USING THE VACUUM GAUGE TO DETERMINE VACUUM
When requirements state a specified vacuum for a canned subsistence item, the
end-puncture gauge is normally used (see Figure 2-1). To obtain an accurate vacuum
reading, the following steps of procedure must be observed.
a. Prepare for Testing Vacuum.
(1) Assure that dented or defective cans are not used for testing vacuum.
For example, never select a swollen can.
(2) Measure vacuum at room temperature, which is normally between 70oF
(21oC) and 80oF (27oC).
b. Check the Gauge for Serviceability.
(1) Check for cracks and blockage. Assure that the air entrance is not
blocked with foreign material.
(2) Check the rubber gasket to ensure that it is capable of creating a seal.
Assure that the gasket is flexible, free of breaks, and has a smooth, clear contact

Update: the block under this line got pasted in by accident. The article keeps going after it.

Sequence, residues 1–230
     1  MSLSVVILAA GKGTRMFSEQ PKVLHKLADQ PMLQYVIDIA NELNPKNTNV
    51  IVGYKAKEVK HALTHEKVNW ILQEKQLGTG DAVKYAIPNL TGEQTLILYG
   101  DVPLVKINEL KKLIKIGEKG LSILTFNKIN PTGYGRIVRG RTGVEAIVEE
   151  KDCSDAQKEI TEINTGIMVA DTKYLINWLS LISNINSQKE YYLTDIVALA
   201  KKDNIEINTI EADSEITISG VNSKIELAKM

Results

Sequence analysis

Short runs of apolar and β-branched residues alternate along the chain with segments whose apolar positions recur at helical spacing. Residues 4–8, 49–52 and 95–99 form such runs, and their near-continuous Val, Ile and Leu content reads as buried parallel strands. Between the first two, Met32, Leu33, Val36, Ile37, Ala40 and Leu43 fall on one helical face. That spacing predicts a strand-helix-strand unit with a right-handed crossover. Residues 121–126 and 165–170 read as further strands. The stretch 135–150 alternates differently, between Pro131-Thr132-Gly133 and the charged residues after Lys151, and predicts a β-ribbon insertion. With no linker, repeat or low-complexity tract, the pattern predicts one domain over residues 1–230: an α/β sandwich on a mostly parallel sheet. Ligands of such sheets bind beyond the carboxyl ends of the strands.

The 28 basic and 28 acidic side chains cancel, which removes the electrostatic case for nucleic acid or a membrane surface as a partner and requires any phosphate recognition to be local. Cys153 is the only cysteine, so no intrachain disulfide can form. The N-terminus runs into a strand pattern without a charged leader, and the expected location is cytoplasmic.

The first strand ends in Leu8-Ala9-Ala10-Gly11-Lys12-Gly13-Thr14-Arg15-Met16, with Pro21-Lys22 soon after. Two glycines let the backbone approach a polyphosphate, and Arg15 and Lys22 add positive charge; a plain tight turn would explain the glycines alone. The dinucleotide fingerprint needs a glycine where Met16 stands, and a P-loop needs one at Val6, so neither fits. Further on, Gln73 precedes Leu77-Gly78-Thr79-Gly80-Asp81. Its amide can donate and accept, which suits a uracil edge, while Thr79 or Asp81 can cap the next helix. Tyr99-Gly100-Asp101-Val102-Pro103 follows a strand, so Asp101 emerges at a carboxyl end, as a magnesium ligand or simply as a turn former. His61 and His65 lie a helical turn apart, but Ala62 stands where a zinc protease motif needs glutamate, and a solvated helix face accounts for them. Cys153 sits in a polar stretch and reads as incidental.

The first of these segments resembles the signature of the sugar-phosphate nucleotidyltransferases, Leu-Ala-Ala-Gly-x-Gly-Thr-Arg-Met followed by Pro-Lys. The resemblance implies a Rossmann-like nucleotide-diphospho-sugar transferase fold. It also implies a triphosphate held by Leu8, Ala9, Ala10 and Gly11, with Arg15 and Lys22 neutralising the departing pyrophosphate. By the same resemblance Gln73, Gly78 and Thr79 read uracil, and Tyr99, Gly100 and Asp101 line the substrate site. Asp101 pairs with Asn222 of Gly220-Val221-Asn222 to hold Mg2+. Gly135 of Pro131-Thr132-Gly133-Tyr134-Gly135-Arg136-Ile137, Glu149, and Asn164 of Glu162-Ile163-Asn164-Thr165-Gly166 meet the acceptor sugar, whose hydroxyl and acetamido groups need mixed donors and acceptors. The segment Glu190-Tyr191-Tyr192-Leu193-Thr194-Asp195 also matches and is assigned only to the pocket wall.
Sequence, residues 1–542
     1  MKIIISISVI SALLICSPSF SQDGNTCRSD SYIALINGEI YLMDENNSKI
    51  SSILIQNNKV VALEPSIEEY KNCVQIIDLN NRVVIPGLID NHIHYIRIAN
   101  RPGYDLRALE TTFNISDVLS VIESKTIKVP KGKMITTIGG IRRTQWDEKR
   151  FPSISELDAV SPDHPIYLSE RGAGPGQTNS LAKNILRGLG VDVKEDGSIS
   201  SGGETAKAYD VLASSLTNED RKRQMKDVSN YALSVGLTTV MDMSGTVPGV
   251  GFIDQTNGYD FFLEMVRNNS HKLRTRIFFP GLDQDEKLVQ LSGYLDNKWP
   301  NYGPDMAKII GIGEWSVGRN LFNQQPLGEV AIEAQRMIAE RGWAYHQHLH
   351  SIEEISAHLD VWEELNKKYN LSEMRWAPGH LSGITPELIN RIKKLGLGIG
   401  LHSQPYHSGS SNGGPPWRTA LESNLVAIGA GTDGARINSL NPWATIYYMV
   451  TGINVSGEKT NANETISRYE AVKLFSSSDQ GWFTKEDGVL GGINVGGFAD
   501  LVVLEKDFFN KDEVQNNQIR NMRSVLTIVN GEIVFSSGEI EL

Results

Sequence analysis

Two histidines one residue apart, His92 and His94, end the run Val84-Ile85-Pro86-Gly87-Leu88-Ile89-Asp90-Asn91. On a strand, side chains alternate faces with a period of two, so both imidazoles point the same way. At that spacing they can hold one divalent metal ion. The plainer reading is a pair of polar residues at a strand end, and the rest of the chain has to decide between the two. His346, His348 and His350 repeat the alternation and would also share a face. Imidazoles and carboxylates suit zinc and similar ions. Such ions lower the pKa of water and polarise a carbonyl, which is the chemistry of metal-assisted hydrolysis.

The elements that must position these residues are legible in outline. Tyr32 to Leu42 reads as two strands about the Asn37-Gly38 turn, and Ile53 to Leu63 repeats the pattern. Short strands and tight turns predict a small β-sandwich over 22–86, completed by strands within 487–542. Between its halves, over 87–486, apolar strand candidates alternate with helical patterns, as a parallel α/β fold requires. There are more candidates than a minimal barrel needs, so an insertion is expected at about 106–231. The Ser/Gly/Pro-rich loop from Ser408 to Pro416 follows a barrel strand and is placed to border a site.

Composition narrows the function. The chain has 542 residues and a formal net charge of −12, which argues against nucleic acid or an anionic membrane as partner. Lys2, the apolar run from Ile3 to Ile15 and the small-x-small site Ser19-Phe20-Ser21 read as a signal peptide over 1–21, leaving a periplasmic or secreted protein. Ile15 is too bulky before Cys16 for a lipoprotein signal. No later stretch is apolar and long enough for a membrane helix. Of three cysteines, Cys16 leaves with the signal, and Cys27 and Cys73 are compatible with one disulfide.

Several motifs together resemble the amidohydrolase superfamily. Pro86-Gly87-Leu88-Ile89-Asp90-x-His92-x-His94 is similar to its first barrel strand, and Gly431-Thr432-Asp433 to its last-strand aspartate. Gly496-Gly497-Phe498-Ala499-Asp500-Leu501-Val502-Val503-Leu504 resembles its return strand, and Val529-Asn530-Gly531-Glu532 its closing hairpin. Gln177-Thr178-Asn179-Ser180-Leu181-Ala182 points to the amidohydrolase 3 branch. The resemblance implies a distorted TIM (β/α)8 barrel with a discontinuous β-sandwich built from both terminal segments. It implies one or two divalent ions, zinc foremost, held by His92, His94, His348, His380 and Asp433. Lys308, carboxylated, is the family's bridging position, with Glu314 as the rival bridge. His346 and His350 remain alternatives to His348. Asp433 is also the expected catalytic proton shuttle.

surface. A cracked or damaged rubber gasket will allow air leakage.
(3) Blow into the gauge. The needle should move to the right. The gauge
should read "0" when viewed as shown in Figure 2-1.
Prepare the Can for Puncture.
(1) Strike the manufacturer's end of the can on a flat surface in order to
compact the product.
(2) Place the can on a slanted surface to allow for optimal head-space. The
can should be positioned on the slanted surface in such a way that the optimal space is
in the area of the side seam and the manufacturer's end of the can.
d. Puncture the Can.
(1) Enter the can as close to the upper edge as possible (see Figure 2-3).
Puncture the can on the manufacturer's end as close to the edge of the can as possible,
in the area of the side seam, without entering the countersink.
(2) Push the point only far enough to pierce the metal. Pushing too far may
allow the gauge to penetrate the product. This will plug the gauge and prevent an
(3) Hold the gauge down to prevent a vacuum leak.